This fall, one of the biggest franchises in sci-fi makes its way back to the small screen with the premier of Star Trek: Discovery. According to CBS, Discovery “will feature a new ship, new characters, and new missions, while embracing the same ideology and hope for the future that inspired a generation of dreamers and doers.” Today at San Diego Comic-Con, the cast and producers held a press conference to talk a little bit about the new series, where it stands with the rest of the Star Trek canon, and what it means to them to be involved in such a storied franchise.
Is there a day or two that has floored you, or memorable moments from filming so far?
Mary Wiseman (Cadet Sylvia Tilly): On the second or third day, a bunch of us rip down a hallway; we were going to run down a hallway and I didn’t realize it was going to be like 6 hours of a dead sprint, and I offered to go faster and everyone else was like “shut. up.” (laughter from cast)
Jame Frain (Ambassador Sarek): (There was) a scene in which I was with a large group of Vulcans… they were all dressed to the nines, they were incredibly stylish…it was a moment of full Vulcan-ness that felt fantastic.
Can you tell us about Commander Riker’s (Jonathan Frakes) involvement?
Jason Isaacs (Captain Gabriel Lorca): He’s still an actor…. as much as he’s very up tempo and funny and can barely be contained…he’s also very good at changing the nuance of the performances of the actors.
What was it like to walk onto the bridge and sit in the Chair?
Rainn Wilson (Harry Mudd): For me I grew up watching the original series….I built models of the Enterprise, I had books and had the Enterprise memorized…but to go on the ship and, without giving anything away, I got to use the transporter room, I got to be transported, and I got to use a phaser and I got to sit in the Captain’s chair a little bit. ….to relive that as a fan is one of the greatest life experiences.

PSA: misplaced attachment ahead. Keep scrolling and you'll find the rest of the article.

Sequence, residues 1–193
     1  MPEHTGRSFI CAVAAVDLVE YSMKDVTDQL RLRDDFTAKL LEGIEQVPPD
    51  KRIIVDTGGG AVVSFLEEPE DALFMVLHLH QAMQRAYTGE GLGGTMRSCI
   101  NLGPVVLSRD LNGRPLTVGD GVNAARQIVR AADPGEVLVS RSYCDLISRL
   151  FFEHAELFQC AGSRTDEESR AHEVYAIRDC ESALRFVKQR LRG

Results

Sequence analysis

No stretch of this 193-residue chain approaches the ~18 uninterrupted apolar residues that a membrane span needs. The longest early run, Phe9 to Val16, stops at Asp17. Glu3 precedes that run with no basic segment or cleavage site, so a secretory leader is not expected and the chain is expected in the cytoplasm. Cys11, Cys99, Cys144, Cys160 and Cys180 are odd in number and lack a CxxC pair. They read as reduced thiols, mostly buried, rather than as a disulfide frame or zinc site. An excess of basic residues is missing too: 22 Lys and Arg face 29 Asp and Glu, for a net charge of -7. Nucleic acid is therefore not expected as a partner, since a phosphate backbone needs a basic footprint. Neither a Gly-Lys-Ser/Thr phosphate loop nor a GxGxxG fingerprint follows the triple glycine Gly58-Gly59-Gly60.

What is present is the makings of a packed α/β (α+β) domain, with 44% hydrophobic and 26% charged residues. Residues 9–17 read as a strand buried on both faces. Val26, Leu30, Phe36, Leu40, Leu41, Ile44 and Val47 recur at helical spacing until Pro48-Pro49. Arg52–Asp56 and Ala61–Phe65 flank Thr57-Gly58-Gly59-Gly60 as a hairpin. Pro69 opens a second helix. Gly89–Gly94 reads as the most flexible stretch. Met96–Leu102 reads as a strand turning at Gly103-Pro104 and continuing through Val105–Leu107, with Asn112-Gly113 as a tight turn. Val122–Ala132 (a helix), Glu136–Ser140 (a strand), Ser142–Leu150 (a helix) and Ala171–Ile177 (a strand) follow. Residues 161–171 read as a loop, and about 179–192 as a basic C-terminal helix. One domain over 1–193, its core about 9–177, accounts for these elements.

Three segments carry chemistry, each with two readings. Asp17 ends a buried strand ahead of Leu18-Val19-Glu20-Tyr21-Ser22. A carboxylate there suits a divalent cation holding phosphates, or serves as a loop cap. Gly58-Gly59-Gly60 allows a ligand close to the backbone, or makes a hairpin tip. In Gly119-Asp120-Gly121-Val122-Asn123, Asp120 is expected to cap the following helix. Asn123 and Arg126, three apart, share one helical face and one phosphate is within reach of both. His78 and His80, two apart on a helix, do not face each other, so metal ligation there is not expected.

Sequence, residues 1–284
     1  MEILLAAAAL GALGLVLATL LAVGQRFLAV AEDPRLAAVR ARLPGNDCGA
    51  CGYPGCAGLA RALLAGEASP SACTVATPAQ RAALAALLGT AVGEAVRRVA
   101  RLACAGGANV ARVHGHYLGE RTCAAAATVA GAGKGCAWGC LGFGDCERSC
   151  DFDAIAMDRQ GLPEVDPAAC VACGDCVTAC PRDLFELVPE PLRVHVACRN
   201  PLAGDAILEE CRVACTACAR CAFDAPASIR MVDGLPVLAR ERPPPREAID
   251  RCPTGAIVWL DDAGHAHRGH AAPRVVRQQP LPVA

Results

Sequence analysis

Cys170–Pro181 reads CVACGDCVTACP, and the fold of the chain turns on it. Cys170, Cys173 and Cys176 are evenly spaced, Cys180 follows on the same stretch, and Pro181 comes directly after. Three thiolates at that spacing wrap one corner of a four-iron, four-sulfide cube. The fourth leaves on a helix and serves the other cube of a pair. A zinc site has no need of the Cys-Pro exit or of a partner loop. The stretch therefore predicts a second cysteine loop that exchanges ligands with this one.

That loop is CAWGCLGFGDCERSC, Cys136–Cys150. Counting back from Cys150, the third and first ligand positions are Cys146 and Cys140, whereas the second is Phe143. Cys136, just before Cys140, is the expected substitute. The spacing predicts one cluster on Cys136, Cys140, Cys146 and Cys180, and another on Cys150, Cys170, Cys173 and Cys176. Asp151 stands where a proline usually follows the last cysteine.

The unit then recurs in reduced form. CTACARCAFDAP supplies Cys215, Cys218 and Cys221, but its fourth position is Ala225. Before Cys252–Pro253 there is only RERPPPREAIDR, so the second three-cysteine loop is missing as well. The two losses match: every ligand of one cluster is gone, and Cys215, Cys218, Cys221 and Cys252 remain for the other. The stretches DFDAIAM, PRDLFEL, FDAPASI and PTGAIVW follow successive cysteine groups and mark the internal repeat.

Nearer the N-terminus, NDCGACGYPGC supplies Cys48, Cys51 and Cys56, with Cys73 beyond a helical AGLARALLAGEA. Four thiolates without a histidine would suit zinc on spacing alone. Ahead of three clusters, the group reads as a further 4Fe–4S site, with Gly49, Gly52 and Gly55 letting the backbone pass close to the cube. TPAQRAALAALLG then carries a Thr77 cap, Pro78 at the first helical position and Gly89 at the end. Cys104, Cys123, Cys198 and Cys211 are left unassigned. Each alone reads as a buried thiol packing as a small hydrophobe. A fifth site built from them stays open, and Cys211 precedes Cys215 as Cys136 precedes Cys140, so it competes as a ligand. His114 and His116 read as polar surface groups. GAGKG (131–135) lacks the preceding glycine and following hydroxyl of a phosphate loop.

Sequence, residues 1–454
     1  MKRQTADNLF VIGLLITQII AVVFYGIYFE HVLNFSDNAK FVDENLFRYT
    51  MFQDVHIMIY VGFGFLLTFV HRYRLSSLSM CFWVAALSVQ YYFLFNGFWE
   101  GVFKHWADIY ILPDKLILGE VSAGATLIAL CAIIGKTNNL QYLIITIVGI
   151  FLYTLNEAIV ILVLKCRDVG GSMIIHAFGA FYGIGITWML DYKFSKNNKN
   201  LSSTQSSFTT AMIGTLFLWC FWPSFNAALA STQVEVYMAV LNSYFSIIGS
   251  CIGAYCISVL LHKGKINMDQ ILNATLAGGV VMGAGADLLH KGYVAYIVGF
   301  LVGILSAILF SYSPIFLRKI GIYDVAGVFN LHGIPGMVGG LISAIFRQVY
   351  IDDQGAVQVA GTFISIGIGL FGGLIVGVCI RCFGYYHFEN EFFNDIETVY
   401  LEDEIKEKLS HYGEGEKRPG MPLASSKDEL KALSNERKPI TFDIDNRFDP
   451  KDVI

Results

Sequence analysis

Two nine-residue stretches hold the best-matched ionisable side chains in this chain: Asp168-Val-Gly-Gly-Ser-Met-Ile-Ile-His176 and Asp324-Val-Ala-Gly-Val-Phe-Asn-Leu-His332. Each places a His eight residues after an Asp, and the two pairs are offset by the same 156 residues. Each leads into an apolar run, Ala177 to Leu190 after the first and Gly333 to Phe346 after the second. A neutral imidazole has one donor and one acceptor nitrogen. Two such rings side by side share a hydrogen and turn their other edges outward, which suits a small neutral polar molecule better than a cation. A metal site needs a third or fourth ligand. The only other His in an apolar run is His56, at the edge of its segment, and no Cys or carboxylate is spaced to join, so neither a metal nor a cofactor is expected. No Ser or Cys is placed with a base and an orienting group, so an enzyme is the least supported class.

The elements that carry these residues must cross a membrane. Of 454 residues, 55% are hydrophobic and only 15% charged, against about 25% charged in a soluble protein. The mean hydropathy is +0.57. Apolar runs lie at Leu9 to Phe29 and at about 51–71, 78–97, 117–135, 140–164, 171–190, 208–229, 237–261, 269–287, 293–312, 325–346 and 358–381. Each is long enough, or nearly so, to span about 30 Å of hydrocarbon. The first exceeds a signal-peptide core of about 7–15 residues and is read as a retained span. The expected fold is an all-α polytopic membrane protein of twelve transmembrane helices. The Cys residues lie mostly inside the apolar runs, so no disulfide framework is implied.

Shazad Latif (Lieutenant Ash Tyler): …you can see how much incredible care and detail has gone into it and the first time I saw a phaser I thought my head was going to explode.
Sonequa Matrin-Green (First Officer Michael Burnham): Yeah, the moments happen all the time.
Isaacs: It’s incredible, eight-year-old fun to say “energize”… I like to be at the front where the action is as the Captain….. the stories, the original stories, were told at a time of enormous tumoil and…it was (about) a time in the future that we envisioned….the gadgets are fun and the sets are great…but what counts is what we put out there to show the next generation what we could become.
For Sonequa: I saw Nichelle Nichols, knew she was going to be here today, and couldn’t help but think it was like the passing of the baton because I always wanted her to take over…So you’re first officer and I am so proud of you. What’s it like for you, how’s it feel?
Martin-Green: I certainly stand on Nichelle’s shoulders. I think all of us stand on the shoulders of the Star Trek canon….understanding you really are one with all life and I don’t know if I can put it into words, and I feel like if I try I would cry….but just the honor and….it’s such a (fighting tears) privilege to be a part of a story that I, I truly believe is going to bring people together.
With 50 years of different iterations, what elements did you want to include to keep it classic but also go where no Trek has gone before?